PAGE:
2. It creates emotional distance
Personal growth is fantastic. Everyone has things, be it bad habits, goals, or foibles, that they could work on.
Changing behaviors and responses for a partner is not always a bad thing. In fact, it is normal and thoughtful when it’s done for the right reason. For example, if it bothers your spouse that you get easily defensive or that you leave your dirty clothes on the floor, it would be kind and considerate to your spouse to change the way you handle these situations.
But if you find yourself constantly trying to change your partner then you are essentially telling them that what they have to offer you isn’t good enough. This can push them away and cause distance in the relationship.
Also watch: Arguing Causes Emotional Distance
3. You wouldn’t accept it
Let’s try some role-reversal. How would you feel if your partner was constantly telling you that you need to change? Would it strengthen your relationship if they told you they would be more attracted to you if you looked like X, that they wished you were more passionate about Y, or you should be more like Z? Likely not.
Nobody likes to be told what to do. When determining how you should treat your partner, always put yourself in their shoes. Think of how it would make you feel to be constantly picked apart.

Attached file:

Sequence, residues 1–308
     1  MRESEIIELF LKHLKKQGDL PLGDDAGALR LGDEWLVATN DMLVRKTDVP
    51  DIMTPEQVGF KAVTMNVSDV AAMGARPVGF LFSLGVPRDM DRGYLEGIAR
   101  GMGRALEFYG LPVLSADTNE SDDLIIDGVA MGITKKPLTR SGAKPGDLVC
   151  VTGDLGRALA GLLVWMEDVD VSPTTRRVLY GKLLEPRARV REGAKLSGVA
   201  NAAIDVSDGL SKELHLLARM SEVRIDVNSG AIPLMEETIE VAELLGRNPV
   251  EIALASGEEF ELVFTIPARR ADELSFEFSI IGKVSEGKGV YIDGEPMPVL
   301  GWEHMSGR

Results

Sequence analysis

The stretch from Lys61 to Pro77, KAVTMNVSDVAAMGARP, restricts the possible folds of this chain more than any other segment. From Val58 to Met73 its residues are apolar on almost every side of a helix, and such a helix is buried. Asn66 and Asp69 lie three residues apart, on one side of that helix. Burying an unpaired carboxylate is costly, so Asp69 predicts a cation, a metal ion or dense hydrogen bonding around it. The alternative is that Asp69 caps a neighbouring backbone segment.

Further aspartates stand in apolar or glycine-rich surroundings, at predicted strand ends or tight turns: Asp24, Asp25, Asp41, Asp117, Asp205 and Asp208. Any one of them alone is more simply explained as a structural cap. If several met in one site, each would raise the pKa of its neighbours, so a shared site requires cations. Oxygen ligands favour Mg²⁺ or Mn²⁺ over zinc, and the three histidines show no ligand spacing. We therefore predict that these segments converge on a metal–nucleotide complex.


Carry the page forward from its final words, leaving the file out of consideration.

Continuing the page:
Trying to change your spouse will leave them feeling unworthy and leave you emotionally exhausted.
Your spouse is not your pet project and you are not responsible for any changes they make in their lives. While your love and encouragement may help your partner reach their potential faster than they would on their own, their journey to a better self is ultimately their own.
Don’t change your partner. If you are in your relationship with the idea that you’ll only be happy when your partner fits the mold you have designed for them – you should not be in the relationship.
Either you like the person you’re with or you don’t. It’s as simple as that.
Don’t change your partner – Accept them
It’s natural for you to want the best for your partner. Growing together, changing and maturing, and striving to reach your potential are healthy goals for all couples. But, there is a vast difference between encouraging your spouse to be their best self and trying to completely change who they are.
Strive to treat your spouse with love and respect, enjoying them for who they are now, not who they could be someday.
For better or worse, you married your spouse and all the little foibles that come with them. Don’t change your partner – change your outlook!
If you feel disconnected or frustrated about the state of your marriage but want to avoid separation and/or divorce, the marriage.com course meant for married couples is an excellent resource to help you overcome the most challenging aspects of being married.
Rachael Pace is a noted relationship writer associated with Marriage.com. She provides inspiration, support, and empowerment in the form of motivational articles and essays. Rachael enjoys studying the evolution of loving partnerships and is passionate about writing on them. She believes that everyone should make room for love in their lives and encourages couples to work on overcoming their challenges together.